Interventional Radiology is a field of medicine that specializes in minimally invasive procedures involving many parts of the body using imaging guidance such as x-ray, CT an Ultrasound. It has been described as essentially surgery without a scalpel. The goal is to provide patients with the least invasive procedure with an emphasis on quality care and quick recovery.
Our emphasis is in Interventional Oncology which involves treatment of tumors with image directed therapy. We treat many forms of malignant tumors such as liver cancer and benign tumors such as uterine fibroids. In addition to Interventional Oncology, our experienced physicians perform a vast array of Interventional Radiology procedures including:
¥ Intravenous access: Ports, peripherally inserted central venous catheters, dialysis access
¥ Uterine Artery Embolization
¥ Hepatic Chemoembolization (TACE, DC bead embolization, chemotherapy microspheres)
¥ Hepatic Radioembolization (Y90)
¥ Radiofrequency ablation
¥ Portal vein embolization
¥ Inferior vena cava filters
¥ Venous sampling: ovarian, adrenal, renal
¥ Ovarian vein embolization for pelvic congestion syndrome
¥ Male varicocele embolization
¥ Percutaneous nephrostomy
¥ Percutaneous Biliary Catheter placement
¥ (TIPS) Transjugular Intrahepatic Portal-systemic Shunt
¥ Biopsies and drainages
¥ Abdominal paracentesis
¥ Pleural and Peritoneal drainage catheter placement for malignant pleural effusion or ascites
Who is the Interventional Radiologist?
An Interventional Radiologist is a medical doctor who has completed a 4 year residency in Radiology and at least one extra year of fellowship training. Our Interventional Radiologists are board certified in Radiology with a Certificate in Added Qualification in Interventional Radiology.
ANGIOGRAPHY AND INTERVENTIONAL RADIOLOGY
A full range of percutaneous vascular and non-vascular diagnostic and therapeutic procedures in the radiology department at Greenville Memorial Hospital. In the department we have a recovery area staffed by RNÕs for pre-op and recovery for outpatients, but some procedures require overnight observation or brief inpatient hospital stays. With proper planning, procedures may be performed for patients from other hospitals, with return of the patient to their hospital after a brief recovery period at Greenville Memorial Hospital.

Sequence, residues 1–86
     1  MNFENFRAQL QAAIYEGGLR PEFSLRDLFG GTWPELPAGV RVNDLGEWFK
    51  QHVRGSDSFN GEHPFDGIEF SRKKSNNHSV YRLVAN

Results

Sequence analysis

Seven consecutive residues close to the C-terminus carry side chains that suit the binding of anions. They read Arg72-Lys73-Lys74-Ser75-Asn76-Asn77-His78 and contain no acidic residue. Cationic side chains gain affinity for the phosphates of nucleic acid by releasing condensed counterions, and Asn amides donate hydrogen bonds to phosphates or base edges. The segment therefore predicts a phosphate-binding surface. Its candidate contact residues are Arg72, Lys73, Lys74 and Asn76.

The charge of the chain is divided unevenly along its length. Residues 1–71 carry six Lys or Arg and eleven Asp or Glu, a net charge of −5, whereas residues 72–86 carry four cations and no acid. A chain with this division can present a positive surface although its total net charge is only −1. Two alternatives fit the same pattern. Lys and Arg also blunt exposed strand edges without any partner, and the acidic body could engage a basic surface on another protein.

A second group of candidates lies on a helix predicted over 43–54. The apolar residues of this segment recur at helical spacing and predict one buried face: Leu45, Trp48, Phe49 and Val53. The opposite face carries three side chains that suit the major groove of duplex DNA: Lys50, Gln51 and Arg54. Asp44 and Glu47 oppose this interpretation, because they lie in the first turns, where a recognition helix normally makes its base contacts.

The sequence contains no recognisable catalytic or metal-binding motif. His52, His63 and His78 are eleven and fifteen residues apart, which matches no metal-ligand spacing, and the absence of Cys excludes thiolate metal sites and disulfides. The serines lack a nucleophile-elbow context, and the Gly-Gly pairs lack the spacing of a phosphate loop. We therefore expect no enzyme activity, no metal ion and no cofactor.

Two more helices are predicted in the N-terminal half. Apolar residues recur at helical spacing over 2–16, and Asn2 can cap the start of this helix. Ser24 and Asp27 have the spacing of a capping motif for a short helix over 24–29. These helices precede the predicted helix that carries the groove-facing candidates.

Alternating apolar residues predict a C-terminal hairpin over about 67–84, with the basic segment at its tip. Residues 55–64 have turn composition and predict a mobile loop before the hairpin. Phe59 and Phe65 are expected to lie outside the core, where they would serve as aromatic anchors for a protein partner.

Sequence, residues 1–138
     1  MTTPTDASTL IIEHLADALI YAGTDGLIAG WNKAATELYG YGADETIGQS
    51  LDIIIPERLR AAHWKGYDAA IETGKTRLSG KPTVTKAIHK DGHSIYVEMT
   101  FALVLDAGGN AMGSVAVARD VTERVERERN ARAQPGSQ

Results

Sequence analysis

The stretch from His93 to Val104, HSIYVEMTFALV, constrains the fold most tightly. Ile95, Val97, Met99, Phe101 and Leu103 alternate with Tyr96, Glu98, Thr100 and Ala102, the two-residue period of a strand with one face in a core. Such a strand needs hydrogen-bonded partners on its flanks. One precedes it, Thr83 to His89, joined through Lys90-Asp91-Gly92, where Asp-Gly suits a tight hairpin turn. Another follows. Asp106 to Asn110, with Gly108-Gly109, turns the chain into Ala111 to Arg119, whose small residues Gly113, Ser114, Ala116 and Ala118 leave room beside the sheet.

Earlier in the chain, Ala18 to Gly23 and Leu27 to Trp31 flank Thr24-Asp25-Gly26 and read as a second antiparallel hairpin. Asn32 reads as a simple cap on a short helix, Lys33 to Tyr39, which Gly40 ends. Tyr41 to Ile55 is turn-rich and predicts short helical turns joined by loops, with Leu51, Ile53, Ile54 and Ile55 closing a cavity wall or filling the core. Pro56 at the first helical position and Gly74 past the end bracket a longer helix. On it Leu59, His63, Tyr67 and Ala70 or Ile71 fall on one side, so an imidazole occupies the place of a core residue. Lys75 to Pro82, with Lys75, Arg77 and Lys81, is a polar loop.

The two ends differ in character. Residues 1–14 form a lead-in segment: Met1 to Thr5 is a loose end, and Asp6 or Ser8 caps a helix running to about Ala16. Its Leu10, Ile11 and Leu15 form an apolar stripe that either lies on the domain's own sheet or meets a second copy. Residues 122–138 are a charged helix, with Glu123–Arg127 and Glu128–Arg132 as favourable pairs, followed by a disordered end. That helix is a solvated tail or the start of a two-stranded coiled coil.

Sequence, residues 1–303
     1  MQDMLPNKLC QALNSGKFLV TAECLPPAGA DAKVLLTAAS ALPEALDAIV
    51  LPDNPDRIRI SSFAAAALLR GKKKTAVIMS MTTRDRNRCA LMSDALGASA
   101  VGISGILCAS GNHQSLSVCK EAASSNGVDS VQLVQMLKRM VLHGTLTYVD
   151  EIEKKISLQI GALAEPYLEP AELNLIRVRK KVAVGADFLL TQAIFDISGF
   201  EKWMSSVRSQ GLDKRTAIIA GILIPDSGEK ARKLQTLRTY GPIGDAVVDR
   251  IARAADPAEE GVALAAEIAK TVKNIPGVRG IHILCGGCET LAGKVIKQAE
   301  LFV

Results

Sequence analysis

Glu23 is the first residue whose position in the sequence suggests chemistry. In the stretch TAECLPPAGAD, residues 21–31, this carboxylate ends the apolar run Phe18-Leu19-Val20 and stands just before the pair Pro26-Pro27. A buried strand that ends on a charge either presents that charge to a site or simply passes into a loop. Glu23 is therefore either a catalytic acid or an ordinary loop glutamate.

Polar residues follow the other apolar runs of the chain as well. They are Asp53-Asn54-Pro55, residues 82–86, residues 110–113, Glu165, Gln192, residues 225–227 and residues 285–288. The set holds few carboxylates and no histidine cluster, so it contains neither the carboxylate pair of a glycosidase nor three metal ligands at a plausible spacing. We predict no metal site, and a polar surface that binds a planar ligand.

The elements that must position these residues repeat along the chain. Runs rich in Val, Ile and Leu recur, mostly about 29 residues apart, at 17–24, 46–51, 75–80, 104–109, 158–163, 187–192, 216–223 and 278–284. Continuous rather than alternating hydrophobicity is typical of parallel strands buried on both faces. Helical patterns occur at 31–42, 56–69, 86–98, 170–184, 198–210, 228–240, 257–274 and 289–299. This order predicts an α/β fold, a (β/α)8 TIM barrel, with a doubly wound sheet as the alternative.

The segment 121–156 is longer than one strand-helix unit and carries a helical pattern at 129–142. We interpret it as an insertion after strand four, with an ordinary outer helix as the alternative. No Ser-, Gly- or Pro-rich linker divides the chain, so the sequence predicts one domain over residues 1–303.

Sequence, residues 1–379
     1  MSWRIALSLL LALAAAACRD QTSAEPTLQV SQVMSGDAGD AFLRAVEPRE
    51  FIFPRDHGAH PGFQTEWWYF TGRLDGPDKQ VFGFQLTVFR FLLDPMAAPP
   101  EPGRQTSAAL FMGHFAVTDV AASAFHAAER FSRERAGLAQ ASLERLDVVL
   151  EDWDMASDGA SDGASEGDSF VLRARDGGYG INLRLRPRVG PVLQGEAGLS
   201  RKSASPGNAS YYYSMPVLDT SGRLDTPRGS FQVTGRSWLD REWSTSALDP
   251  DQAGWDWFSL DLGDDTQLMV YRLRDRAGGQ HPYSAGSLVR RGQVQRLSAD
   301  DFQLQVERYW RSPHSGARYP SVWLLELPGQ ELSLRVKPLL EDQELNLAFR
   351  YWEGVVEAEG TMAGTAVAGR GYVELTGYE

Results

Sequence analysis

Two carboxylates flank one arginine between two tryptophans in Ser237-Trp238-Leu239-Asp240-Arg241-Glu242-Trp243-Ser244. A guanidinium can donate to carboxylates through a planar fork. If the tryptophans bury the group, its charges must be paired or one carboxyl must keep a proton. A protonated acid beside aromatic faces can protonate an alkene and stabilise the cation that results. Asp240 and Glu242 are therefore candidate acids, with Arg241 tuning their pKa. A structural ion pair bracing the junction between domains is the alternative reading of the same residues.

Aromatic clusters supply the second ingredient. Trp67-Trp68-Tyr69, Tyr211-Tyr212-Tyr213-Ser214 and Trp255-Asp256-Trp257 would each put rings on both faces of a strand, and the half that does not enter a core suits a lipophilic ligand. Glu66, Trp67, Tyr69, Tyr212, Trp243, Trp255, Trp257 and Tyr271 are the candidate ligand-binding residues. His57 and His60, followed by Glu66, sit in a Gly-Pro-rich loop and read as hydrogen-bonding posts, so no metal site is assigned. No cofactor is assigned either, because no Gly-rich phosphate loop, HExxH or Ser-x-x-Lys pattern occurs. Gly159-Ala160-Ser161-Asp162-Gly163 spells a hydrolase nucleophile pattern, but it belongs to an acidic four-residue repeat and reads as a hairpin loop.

A partial list of procedures includes the following:
– Uterine artery embolization for symptomatic (pain or bleeding) fibroids in women who are unresponsive to medical therapy and wish to avoid myomectomy or hysterectomy.
– Ovarian venography and ovarian vein embolization for pelvic congestion syndrome. Women with chronic pelvic pain of unknown origin may have pelvic congestion syndrome due to varicosities of the ovarian veins. These women may have increasing pain with standing late in the day, post coital pain or vulvar varicosities. This can only be reliably diagnosed with venography, and can be treated percutaneously similar to male varicocele occlusion. Frequently these patients and their physicians are quite frustrated in the unsuccessful pursuit of the cause for chronic pelvic pain.
– Male varicocele occlusion for male infertility. Varicoceles may be diagnosed with scrotal ultrasound, and are often asymptomatic.
– Inferior vena cava filtration. Primary indications are DVT or pulmonary embolus with contraindication to anticoagulation, or recurrent PE or DVT despite adequate
anticoagulation. Filtration may also be indicated with a large free floating ilial caval clot, or a patient with PE or DVT with severe cardiopulmonary disease in which a
future PE may be fatal.
– Long-term venous access (tunneled catheter, subcutaneous port, or picc).
– TIPS (transjugular intrahepatic portosystemic shunt). Patients with chronic liver disease who have intractable variceal bleeding or ascites despite conservative therapy may be candidates for percutaneous portosystemic shunting.
– Radio frequency ablation or chemoembolization for unresectable, primary or metastatic liver malignancy.
– Biopsy or aspiration of masses or fluid collections. This includes transjugular liver biopsies in patients with nonfocal liver disease and contraindication to percutaneous biopsy such as ascites or uncorrectable coagulopathy.
For more information on Interventional Radiology procedures: